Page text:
INACCURATE FIELD SOBRIETY TESTS
Carefully walking in a straight line, reciting the alphabet backward: the various field sobriety tests police officers use to determine impairment are widely known, even if few people are aware of the scientific basis behind them. There are three field sobriety tests that the National Highway Traffic Safety Administration has standardized.
A field sobriety test is administered by a law enforcement officer in practically all DUI arrests, but how accurate are these tests? Why might a field sobriety test be inaccurate? The accuracy of a field sobriety test depends in large part on how carefully the arresting officer administers the test. It is crucial to your case to determine if the officer made any mistakes when administering a field sobriety test.
FIELD SOBRIETY TESTING
The first of the standardized tests is the horizontal gaze nystagmus (HGN TEST), colloquially known as the “eye test.” To administer this test, the officer will instruct the driver to look into a light and follow it as it moves. The officer will attempt to determine if there is a nystagmus (involuntary jerking motion) of the eyeballs; when a person looks sideways at an angle greater than 45 degrees, nystagmus is triggered. But in someone with high BAC, their eyes will twitch before reaching the 45-degree angle.
The eye test cannot be accurately administered to all individuals. Some people have a naturally occurring nystagmus, and certain head and eye conditions can also make the results of the test irrelevant. Therefore, it is generally checked as an indicator of possible impairment. Further tests are necessary to conclusively determine if a person is intoxicated or not.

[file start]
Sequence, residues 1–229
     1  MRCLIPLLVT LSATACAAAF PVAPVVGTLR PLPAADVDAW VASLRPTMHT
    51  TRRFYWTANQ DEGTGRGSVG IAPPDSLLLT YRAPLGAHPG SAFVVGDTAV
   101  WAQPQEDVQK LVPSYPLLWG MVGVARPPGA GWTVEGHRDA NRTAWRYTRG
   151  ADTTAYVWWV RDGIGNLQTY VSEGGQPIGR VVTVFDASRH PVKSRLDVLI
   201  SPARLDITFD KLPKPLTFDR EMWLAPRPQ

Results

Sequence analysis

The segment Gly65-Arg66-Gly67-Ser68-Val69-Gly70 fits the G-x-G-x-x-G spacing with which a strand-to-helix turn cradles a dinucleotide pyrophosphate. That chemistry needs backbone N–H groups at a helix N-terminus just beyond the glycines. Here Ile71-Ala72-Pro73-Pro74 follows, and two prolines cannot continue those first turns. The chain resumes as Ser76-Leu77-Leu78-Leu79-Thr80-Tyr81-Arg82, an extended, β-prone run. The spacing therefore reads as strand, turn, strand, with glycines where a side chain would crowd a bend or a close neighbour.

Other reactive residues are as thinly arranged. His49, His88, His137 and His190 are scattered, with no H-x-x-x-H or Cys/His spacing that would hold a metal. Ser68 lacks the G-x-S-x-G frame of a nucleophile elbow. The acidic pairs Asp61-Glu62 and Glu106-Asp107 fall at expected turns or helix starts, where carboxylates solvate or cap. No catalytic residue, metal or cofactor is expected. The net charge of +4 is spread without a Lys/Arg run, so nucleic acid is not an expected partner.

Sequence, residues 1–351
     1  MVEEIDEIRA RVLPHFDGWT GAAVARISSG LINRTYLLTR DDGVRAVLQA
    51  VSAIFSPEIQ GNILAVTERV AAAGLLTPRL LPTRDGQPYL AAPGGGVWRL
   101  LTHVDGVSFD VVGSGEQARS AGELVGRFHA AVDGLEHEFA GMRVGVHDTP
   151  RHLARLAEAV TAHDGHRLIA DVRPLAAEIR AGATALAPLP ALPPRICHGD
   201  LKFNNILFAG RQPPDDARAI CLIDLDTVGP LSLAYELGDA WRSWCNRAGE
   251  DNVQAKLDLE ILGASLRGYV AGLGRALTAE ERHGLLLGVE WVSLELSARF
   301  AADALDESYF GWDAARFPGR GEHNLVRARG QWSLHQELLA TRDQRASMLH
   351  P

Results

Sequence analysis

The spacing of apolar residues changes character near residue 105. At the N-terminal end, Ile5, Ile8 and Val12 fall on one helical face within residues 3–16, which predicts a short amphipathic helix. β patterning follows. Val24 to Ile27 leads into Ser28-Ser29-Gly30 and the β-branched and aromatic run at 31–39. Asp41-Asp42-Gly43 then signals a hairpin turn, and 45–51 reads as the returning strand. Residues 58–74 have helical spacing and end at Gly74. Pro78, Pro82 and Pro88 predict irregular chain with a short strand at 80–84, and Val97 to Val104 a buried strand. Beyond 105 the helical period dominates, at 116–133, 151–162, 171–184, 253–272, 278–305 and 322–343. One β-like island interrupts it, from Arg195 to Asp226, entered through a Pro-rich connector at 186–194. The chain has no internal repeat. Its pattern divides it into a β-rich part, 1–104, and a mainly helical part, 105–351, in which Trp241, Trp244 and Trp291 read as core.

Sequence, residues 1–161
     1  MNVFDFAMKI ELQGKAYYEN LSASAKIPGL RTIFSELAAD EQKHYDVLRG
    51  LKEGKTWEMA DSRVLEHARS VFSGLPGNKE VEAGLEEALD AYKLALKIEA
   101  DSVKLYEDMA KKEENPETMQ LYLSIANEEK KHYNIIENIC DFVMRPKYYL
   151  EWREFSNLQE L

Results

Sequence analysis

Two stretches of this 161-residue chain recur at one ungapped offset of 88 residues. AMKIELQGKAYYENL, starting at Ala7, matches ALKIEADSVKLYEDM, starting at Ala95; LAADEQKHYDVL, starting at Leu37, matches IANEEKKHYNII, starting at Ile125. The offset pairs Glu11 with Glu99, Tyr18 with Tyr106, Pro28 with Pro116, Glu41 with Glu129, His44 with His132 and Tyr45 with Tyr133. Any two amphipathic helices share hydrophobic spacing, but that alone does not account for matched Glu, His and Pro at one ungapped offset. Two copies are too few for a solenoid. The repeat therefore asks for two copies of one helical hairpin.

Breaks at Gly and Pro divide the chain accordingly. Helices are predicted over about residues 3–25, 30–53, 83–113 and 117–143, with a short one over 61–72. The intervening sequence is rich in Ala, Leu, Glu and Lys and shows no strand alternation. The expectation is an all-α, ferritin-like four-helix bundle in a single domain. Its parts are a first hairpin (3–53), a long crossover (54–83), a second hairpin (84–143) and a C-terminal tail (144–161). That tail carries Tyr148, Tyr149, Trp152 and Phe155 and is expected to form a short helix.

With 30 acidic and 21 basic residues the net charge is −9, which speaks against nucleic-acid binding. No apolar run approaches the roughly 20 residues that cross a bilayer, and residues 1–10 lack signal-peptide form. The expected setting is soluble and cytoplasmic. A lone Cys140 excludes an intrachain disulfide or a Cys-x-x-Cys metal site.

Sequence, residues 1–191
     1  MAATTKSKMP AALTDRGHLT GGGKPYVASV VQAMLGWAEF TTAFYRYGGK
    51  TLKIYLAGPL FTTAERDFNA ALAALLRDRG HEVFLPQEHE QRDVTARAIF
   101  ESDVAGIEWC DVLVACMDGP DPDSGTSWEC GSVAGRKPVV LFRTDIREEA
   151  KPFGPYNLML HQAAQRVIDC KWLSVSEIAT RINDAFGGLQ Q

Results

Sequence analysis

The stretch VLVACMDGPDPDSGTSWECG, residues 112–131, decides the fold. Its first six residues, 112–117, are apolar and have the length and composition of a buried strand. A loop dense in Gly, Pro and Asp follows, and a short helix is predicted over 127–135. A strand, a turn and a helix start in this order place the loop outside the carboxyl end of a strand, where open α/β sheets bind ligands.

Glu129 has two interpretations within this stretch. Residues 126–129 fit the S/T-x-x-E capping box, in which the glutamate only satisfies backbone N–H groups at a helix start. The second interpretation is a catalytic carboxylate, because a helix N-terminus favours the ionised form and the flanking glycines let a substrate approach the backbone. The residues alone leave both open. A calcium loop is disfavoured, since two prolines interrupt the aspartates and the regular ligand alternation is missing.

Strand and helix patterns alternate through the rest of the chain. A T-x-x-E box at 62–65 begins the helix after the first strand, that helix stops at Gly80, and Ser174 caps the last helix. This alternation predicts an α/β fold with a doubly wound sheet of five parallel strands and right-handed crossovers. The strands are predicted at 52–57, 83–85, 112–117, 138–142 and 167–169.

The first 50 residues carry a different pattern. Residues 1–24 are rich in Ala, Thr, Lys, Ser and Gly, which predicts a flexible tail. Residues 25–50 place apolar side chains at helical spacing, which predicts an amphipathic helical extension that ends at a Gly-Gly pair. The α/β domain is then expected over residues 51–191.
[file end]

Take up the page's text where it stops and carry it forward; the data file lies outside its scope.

The second standardized test is known as the “walk and turn” test. For this test, the officer will instruct the driver to take nine steps in a straight line, heel to toe, then perform an 180-degree turn and follow the same straight line back. The officer will then look for “clues” that indicate intoxication, which might include beginning to walk before instructed or taking normal strides instead of heel to toe steps. An intoxicated individual may also struggle to walk in a straight line or to turn without losing their balance. This test has not been validated as accurate for overweight or elderly people.
DUI TESTING STANDARDS
The final NHTSA test used to determine intoxication is the one leg stand. The driver must stand on one foot for thirty seconds with arms at their sides. As with the walk and turn test, this test has not been proved for overweight or elderly people.
Despite the many reasons that these tests may not be indicative of intoxication for all people, law enforcement officers require everyone to submit to them regardless.
OTHER DUI TESTS
Even just reading the descriptions of these tests, it is easy to see how they could be challenging for many people on the best day, much less in the highly stressful and confusing circumstances that they are usually administered in. Georgia DUI officers may also ask drivers to perform non-standardized tests such as saying the alphabet forwards and backward, counting backward from one hundred by sevens, or closing their eyes and trying to bring their index fingers to their nose. Although commonly administered and well known in pop culture, these tests have never been validated to indicate intoxication and do not have the scientific basis that the three NHTSA tests have.
DUI AND DASHCAMS
Most patrol cars are equipped with a dashboard camera that can record the officer administering field sobriety tests on the driver. This video footage can be reviewed by expert DUI lawyers in Atlanta in order to identify whether or not the tests were administered properly.
If mistakes were made during the field sobriety test and the officer still used the test as grounds to make an arrest, they may be judged invalid by the court. The video might also reveal that a driver performed well on the tests and appeared to be behaving normally but was still charged with a DUI. This kind of video evidence can instrumental in a driver’s defense.
DUI FIELD SOBRIETY TESTS
The standardized field sobriety tests recommended by the NHTSA must be performed according to the prescribed methods to produce valid results. Field sobriety tests have the potential be inaccurate due to something as simple as a person’s age, weight or existing medical conditions, but police officers often do not take these circumstances into account when administering the tests. An experienced DUI attorney in Cumming will be able to spot any mistakes during the test that may help you defend yourself against the state’s charges.